News

AT&T, cable operators ratchet up campaigns

On the air and in the Capitol, a battle is brewing between the giants of the
cable and telecommunication industries. In the last quarter of 2005, AT&T
spent a company record $1.6 million in lobbying fees. All the money they
spent on lobbying the Legislature was tagged for “future legislation”–and it
was all spent while state legislators were on vacation.

Before detailed legislation even has been introduced, the multi-million
dollar media and lobbying campaign to ease access for phone companies to
California’s burgeoning broadband market has begun.

Last week, AT&T began airing advertisements in the Sacramento region,
calling for the California Legislature to be a “catalyst” for increased
competition in the cable market. But in a sign of the acrimonious debate to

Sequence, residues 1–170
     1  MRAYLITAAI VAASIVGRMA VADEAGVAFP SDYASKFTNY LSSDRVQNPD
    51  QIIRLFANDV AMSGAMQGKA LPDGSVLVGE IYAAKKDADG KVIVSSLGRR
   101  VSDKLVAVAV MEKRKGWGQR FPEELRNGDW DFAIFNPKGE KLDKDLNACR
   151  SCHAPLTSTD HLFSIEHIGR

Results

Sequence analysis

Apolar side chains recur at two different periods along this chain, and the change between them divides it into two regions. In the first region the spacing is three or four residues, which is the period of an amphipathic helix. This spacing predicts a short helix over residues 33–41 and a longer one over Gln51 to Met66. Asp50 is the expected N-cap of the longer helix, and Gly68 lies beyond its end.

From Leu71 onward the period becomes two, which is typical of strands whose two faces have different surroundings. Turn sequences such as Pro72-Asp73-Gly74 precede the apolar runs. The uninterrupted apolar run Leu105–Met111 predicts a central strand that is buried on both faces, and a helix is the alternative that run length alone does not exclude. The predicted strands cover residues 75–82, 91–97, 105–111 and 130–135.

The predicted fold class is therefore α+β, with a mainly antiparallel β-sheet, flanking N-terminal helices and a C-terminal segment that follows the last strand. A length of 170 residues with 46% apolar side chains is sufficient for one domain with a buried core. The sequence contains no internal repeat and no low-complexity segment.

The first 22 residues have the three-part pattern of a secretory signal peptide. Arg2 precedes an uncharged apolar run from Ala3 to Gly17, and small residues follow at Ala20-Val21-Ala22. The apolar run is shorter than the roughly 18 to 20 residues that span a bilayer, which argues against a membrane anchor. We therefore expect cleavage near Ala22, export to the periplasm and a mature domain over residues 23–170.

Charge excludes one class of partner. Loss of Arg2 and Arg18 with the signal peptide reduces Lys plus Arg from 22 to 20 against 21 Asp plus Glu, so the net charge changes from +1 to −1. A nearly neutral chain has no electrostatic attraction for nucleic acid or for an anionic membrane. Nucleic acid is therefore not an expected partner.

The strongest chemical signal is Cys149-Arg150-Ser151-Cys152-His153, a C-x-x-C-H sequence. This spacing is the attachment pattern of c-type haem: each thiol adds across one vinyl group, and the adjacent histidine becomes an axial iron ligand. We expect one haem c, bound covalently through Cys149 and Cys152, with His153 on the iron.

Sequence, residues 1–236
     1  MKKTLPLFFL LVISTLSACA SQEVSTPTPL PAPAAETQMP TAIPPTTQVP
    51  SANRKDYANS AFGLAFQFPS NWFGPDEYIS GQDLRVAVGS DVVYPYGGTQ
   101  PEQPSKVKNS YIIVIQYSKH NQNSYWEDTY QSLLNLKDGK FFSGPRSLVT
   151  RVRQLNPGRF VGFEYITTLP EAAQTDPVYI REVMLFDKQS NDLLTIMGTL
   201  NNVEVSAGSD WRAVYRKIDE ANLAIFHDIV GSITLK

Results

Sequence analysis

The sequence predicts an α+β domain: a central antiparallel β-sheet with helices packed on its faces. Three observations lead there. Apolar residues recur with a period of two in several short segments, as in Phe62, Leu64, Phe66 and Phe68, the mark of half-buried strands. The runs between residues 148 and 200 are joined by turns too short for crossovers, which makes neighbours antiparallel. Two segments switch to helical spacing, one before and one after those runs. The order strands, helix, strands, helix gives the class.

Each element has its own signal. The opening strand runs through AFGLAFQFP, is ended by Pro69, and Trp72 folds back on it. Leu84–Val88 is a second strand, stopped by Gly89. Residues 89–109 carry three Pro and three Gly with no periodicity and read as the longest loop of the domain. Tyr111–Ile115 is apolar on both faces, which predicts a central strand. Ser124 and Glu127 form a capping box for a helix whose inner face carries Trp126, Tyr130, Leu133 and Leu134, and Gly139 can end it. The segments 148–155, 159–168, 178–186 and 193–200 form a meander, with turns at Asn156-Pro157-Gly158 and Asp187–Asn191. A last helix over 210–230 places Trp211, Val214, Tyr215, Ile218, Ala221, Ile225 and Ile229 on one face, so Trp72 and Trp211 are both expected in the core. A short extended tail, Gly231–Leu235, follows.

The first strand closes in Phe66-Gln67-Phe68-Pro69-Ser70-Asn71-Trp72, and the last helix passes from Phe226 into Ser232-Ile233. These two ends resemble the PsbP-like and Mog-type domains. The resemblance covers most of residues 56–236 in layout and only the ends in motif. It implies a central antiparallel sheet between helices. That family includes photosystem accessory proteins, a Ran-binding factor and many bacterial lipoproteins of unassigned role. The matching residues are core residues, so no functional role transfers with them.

come, the ads only could be seen on broadcast networks because Comcast, the
local cable operator, refused to sell advertisement to its would-be
competitor.

“As one would in battle, they first try to soften the territory with
television and newspaper ads,” said Dennis Mangers, president of the
California Cable Television Association (CCTA), , citing the phone
companies’ efforts in other states that are considering opening their cable
markets.

The center of debate is a bill authored by Assembly Speaker Fabian N


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